The Electronic Privacy Information Center is being critical of the information that is collected by Washington DC transit authorities by means of a new SmarTrip card:
Cards let Metro collect data on riders, track trips - The Washington Times: Metropolitan - May 17, 2005:
"... According to documents obtained by EPIC through the Freedom of Information Act, the SmarTrip card can record a Metro passenger's time of arrival in the Metro system, the passenger's destination and the amount of time the passenger spends traveling from point to point.
It even records the gate through which a passenger leaves the station.
But transit officials say they have addressed the privacy issues with a policy expected to be passed by the Metro board at its monthly meeting Thursday.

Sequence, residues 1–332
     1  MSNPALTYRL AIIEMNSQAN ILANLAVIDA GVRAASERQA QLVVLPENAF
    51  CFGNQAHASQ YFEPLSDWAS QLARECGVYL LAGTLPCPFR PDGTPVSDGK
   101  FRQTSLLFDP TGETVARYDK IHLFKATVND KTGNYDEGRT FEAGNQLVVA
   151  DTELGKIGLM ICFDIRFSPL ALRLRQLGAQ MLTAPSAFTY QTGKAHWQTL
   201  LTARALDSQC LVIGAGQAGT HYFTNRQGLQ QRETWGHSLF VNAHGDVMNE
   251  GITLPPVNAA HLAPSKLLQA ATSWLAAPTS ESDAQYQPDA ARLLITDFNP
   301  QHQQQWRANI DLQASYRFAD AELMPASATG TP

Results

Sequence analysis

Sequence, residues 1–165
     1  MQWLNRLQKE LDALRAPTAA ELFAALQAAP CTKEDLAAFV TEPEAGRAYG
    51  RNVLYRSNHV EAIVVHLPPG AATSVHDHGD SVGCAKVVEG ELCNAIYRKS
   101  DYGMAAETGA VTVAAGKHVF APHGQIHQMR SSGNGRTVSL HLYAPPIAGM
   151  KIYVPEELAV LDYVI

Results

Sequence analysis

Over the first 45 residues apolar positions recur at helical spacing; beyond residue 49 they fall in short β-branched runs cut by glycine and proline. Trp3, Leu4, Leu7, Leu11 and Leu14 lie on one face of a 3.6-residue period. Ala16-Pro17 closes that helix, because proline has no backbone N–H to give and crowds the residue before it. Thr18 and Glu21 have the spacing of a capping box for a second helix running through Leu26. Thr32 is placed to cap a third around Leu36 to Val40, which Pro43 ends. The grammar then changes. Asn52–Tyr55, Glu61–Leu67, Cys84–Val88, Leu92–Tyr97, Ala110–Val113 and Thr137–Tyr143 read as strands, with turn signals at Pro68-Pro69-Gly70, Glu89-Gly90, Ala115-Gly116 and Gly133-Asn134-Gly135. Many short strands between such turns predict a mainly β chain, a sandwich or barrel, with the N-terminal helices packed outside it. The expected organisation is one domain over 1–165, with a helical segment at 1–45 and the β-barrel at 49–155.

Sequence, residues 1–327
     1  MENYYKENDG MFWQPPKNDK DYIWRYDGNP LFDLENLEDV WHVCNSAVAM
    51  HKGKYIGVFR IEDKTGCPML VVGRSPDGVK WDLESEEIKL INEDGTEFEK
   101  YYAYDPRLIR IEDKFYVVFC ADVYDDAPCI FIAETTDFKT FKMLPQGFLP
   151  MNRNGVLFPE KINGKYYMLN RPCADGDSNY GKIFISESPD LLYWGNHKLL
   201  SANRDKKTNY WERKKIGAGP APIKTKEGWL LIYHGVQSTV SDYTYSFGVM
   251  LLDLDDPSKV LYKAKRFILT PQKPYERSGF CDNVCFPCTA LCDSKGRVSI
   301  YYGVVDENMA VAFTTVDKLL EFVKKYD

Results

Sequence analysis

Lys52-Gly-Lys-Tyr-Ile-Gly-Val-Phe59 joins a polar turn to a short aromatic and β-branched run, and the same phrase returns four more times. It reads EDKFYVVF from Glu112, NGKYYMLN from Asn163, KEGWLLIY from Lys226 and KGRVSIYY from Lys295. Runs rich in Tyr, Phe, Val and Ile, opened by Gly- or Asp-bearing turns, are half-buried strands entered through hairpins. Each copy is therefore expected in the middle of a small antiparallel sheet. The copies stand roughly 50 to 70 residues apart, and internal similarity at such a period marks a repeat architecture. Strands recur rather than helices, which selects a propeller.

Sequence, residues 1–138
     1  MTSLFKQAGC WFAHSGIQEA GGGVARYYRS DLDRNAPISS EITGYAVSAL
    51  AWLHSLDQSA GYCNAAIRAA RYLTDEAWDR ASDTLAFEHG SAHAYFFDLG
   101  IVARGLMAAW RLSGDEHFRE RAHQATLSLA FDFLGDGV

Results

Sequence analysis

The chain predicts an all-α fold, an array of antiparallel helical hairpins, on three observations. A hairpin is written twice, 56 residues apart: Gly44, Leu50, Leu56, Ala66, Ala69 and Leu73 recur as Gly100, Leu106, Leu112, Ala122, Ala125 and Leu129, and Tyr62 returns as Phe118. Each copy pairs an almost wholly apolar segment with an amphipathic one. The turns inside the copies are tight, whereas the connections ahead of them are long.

According to the new policy, personal SmarTrip information may be released by Metro only in what are called 'limited instances' - the request must be made by the registered user of the SmarTrip card, there must be a court order, or the request must come from law enforcement when the information is required in the course of an investigation in which time is of the essence.
'Basically, it means nobody can get an individual's SmarTrip data,' said Lisa Farbstein, a Metro spokeswoman. 'The policy is being established as a way to regulate and safeguard individual data.'..."
Hmm. Doesn't really mean "nobody" can get an individual's data. And having a policy does not necessarily mean the info is protected.
Usually, the first rule of privacy is to only collect the information that is reasonably necessary for the service to be provided. The article does not say why having that sort of detail is reasonably necessary in the first place.